President Trump is planning to visit Ireland again before the next presidential election, according to sources in the Irish media.
He had originally intended to visit the country on his way to the Armistice Day commemorations in France. The White House said he wanted “to renew the deep and historic ties between our two nations”.
However, the trip was controversially called off in August. Mr Trump’s officials said scheduling issues were the reason for the cancellation, but it was widely suspected that the president didn’t want to face any protests against him.
The Irish Labour Party leader Brendan Howlin had described Mr Trump as being “no friend of democracy and human rights” and encouraged his constituents to protest against the visit.
The decision to cancel at that time may also have been influenced by the way President Trump faced massive protests during his visit to the UK in July. Thousands marched against him and a giant spoilt baby inflatable doll was flown above London during his meetings with Prime Minister Theresa May and the Queen.
He met further protests when he visited his golf course in Scotland, with a plane carrying an anti-Trump banner able to fly across the course despite the air space in the area supposedly being closed.
President Trump was originally invited to Ireland by Enda Kenny when he was Taoiseach and then by his successor, Leo Varadkar.
Mr Varadkar was taken by surprise by the cancellation in August but said the president is always welcome in Ireland. He said: “There is an open invitation to the US president to visit Ireland at any time, I think they’ve all visited since Reagan, if not before and obviously there’s an open invitation for me, or any future Taoiseach to attend Washington in March.”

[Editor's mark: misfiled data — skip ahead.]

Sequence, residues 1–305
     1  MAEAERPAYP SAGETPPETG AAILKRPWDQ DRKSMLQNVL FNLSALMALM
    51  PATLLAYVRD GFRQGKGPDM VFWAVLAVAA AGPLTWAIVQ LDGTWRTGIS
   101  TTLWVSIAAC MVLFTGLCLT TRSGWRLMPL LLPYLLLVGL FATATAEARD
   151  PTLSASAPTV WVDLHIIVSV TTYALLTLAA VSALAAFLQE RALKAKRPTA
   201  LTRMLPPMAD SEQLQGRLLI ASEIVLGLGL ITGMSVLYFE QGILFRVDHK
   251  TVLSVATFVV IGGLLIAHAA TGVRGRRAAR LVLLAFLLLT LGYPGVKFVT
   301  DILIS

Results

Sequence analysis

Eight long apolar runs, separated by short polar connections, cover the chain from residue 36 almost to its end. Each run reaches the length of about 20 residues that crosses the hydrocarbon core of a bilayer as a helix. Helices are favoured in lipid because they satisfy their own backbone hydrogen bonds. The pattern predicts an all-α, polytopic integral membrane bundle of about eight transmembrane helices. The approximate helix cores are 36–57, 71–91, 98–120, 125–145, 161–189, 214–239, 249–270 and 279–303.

The Irish Herald newspaper now reports that it has spoken to sources in the Irish government who say that the open invitation still stands and there is an expectation that Mr Trump will visit before his term ends in 2020.”
The Herald also suggests that another reason for the cancellation in August was that the president thought he would be dealing with the fall out from disappointing mid-term elections. An Irish government source said: “Had they known the mid-terms would play out as they did then there’s a good chance he’d actually be in Ireland now.”
Most presidents since Kennedy have visited Ireland at some time, partly to visit the homeland of their ancestors, partly to help maintain the special relationship between the two countries and partly because it plays well with the large and important Irish-American constituency, who are vitally important in US elections.